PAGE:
The MSc in Computational Design and Digital Fabrication is offered in collaboration with the University of Innsbruck, Institute for Experimental Architecture Hochbau. The programme explores the relationship between computational tools and architectural design, in an effort to attain a new insight into the relationship between design intent and built form. Prospective participants will have the opportunity to develop computational design skills and acquire hands on cutting-edge fabrication experiences, while cultivating analytical and creative thinking on the applications of computation in design. Furthermore, the programme aims at promoting international exchange of research knowledge, through the connection to the University of Innsbruck and its Robotic Lab (REXLAB) at the Institute for Experimental Architecture. This encourages participants to become part of the global community of computational research in digital fabrication, a growing industry increasingly important for the production of the built environment.
The postgraduate programme operates as a cross-disciplinary platform aiming to bring together participants from various design and engineering specializations. The course is open to architects, interior designers, industrial designers, artists, graphic designers, engineers and suitably qualified candidates from other disciplines. For admission to the programme the candidates should submit the following documents:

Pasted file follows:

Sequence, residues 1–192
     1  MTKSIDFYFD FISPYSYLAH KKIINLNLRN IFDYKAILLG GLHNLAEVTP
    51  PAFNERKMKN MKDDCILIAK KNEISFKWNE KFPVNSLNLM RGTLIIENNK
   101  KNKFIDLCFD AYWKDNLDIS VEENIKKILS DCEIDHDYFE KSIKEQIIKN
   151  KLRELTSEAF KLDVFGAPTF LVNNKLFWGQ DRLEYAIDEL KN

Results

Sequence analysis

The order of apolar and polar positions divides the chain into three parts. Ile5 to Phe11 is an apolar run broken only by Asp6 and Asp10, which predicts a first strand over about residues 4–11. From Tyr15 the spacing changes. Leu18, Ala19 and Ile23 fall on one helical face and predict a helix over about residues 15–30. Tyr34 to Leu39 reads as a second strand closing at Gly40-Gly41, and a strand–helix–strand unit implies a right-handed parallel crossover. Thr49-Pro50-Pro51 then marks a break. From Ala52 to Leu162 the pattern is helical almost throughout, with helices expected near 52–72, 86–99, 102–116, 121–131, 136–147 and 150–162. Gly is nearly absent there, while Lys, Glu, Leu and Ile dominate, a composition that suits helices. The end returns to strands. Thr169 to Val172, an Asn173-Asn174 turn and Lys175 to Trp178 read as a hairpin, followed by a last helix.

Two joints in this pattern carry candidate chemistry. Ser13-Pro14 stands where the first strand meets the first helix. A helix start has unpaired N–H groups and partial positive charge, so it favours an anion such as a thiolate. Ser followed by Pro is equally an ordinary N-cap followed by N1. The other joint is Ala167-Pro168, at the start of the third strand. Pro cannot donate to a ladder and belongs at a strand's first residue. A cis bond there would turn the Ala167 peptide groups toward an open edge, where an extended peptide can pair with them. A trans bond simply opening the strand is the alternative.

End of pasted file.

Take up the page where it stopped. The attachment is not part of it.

- Completed application form
- Curriculum Vitae
- Detailed Portfolio displaying the background and/or interest in the theme of computational design and digital fabrication.
- Basic computing experience
- A Bachelor’s degree in a relevant field (together with a transcript) from an accredited institution of higher education.
- Short statement (approximately two pages) of personal goals, research aims and the reasons for your interest in the course.
- If your first language is not English, you might be requested to demonstrate that you meet the University of Nicosia Postgraduate Admissions Requirements for English Language Proficiency found here: https://www.unic.ac.cy/admission-requirements/.
- Contact Details of two referees, preferably one from academia and one from a professional supervisor
- Other documents that might support the application (e.g. articles, books, awards)
- The admissions process may include an interview during which the candidate can take a few minutes to present a topic of his own choice
Course assessment usually comprises of a comprehensive final exam and continuous assessment. Continuous assessment can include amongst others, weekly interactive activities, projects, positive online forum participation etc.
Letter grades are calculated based on the weight of the final exam and the continuous assessment and the actual numerical marks obtained in these two assessment components. Based on the course grades the student’s semester grade point average (GPA) and cumulative point average (CPA) are calculated.
The student must complete 90 ECTS and all programme requirements.